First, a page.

In recent years, the Queen of Shops has gone from saving individual boutiques and transforming charity shops with her ‘Living and Giving’ concept, to going undercover to investigate the lack of customer service at some of the nation’s biggest retailers, and launching her own clothing, footwear and accessories collection. Last year Mary was commissioned by David Cameron to lead an independent review of the ailing High Street and outlined her 28 recommendations in The Portas Review (December 2011).
Her latest mission really struck a chord with me. When launching her own fashion line, Mary aimed to ensure it was as British-made as possible, but soon realised this was a major impasse.
Britain was once a major manufacturing centre in world trade, with every step of the manufacturing process taking place on British soil: our world-class clothing industry being one example. However, with cheaper manufacture overseas, imports soon exceeded exports and our skilled manufacturers shut their factories and stopped producing goods in this country. Mary wants to kick-start the UK’s clothing industry by manufacturing every woman’s wardrobe staple: knickers!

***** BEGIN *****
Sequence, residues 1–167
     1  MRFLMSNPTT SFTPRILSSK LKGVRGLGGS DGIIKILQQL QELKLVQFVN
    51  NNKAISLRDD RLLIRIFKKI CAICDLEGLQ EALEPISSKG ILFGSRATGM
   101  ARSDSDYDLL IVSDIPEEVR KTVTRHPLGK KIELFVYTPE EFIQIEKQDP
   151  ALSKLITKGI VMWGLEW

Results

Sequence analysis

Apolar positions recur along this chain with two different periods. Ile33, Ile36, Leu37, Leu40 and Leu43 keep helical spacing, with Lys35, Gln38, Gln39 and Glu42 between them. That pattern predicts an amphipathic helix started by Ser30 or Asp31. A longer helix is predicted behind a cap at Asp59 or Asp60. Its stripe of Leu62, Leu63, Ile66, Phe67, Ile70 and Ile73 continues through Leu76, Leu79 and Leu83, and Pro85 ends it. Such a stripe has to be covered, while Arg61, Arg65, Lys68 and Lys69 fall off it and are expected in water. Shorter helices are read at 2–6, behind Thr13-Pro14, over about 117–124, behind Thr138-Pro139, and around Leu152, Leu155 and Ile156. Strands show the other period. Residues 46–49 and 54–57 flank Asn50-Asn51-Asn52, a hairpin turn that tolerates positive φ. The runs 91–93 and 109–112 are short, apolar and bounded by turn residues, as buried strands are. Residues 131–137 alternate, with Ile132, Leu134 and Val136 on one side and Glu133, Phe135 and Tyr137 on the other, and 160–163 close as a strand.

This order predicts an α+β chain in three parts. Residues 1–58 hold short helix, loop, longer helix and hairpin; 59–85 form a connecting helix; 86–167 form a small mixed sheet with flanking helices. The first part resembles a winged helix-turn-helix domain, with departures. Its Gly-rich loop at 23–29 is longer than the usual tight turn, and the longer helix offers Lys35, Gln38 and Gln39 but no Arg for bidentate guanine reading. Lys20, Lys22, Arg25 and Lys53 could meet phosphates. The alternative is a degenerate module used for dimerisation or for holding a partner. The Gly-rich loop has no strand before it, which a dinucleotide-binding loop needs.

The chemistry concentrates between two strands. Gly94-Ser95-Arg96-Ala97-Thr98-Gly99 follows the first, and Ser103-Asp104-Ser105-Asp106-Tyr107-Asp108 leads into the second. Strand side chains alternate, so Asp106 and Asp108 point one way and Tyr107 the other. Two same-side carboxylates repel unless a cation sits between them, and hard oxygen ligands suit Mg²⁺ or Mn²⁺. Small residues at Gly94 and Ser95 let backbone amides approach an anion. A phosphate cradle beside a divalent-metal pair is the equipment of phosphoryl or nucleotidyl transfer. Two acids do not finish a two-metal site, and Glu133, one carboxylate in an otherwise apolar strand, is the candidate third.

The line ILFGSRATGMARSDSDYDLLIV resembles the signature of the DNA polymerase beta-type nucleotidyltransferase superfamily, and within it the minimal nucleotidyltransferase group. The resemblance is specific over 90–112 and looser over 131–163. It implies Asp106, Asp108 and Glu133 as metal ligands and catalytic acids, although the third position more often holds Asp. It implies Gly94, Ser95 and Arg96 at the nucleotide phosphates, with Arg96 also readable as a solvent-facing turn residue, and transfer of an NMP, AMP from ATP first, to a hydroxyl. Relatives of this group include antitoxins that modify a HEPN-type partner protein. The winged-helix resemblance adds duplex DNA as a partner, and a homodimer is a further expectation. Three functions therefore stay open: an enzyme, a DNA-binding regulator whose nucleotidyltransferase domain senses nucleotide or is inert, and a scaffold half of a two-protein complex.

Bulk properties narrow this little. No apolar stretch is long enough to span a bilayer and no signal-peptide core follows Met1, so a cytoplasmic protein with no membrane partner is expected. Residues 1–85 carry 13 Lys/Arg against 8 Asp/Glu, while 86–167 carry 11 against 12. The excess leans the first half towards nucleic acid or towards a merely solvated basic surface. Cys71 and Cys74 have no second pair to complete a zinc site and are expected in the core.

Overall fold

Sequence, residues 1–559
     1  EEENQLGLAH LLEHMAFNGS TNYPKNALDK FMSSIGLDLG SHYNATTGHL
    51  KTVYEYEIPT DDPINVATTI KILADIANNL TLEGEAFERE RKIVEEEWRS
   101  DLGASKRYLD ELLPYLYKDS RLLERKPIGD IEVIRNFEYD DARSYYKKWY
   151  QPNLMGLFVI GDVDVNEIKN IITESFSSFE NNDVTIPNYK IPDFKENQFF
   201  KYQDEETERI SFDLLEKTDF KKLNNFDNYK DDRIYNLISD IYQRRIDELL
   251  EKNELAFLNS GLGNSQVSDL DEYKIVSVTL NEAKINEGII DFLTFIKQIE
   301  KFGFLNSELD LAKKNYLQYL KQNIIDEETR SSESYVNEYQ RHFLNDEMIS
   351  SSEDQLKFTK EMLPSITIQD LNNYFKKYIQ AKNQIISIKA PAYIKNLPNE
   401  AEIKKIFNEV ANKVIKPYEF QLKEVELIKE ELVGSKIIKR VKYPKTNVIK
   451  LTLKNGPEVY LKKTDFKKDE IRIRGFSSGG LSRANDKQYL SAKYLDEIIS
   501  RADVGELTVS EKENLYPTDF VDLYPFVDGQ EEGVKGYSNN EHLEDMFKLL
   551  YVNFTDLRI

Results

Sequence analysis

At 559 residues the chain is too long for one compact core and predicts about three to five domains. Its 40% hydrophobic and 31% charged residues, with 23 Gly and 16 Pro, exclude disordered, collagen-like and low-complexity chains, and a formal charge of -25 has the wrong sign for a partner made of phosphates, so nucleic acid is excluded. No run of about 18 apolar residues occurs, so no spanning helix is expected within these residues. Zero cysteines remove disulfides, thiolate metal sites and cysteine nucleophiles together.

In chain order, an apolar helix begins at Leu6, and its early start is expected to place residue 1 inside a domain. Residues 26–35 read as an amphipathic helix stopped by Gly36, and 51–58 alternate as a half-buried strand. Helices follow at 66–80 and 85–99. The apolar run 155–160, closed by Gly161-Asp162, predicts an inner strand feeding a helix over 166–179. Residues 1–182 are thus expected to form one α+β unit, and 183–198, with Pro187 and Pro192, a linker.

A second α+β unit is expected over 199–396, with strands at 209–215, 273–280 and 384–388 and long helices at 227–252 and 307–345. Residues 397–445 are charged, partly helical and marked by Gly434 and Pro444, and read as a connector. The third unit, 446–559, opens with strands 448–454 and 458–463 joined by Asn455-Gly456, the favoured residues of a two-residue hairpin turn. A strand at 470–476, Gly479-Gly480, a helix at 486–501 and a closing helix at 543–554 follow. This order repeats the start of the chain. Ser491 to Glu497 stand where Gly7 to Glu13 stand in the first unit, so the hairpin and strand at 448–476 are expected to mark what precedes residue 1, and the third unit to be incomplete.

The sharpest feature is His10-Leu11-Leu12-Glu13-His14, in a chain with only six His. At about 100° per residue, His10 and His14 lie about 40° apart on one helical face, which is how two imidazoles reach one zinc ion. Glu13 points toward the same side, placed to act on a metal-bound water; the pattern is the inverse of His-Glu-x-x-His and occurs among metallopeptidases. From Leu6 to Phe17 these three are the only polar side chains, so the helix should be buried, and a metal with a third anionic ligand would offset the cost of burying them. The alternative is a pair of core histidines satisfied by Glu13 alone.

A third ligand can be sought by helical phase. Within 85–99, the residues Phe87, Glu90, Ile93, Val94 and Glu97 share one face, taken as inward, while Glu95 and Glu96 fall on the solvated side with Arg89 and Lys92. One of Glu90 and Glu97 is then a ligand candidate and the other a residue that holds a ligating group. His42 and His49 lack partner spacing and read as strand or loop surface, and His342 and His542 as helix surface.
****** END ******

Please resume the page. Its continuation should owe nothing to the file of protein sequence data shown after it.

Middleton near Manchester used to be a centre of manufacturing industry but now the factories lie empty. Mary has re-opened the sewing room floor of Headen and Quarmby, established in 1935 and once one of the eleven thriving textile factories in Middleton: the nightwear manufacturer is the only one remaining. The factory used to produce thousands of items per week before it was forced to send production abroad when competition from cheap imports dominated. To start her production line, Mary recruits eight apprentices and trains them up with manufacturing experts to make the products at Headen and Quarmby.